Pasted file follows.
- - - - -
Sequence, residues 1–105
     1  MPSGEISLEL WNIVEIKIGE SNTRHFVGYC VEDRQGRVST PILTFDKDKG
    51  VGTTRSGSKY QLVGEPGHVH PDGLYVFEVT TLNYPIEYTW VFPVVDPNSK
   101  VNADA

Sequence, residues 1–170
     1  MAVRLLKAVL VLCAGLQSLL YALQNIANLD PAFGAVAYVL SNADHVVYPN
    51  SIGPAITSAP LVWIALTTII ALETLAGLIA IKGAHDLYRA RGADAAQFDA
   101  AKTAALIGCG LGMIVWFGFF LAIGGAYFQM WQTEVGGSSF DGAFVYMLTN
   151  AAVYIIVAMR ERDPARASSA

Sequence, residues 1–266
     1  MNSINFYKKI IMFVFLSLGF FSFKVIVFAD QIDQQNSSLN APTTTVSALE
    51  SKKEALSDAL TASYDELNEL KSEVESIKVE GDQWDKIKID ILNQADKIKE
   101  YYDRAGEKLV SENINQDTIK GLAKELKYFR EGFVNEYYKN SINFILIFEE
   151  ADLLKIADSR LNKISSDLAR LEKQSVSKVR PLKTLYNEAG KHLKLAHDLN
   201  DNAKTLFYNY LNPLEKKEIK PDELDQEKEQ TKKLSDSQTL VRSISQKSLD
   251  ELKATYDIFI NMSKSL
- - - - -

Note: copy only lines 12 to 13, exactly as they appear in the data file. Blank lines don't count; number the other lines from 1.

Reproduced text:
    51  SKKEALSDAL TASYDELNEL KSEVESIKVE GDQWDKIKID ILNQADKIKE
   101  YYDRAGEKLV SENINQDTIK GLAKELKYFR EGFVNEYYKN SINFILIFEE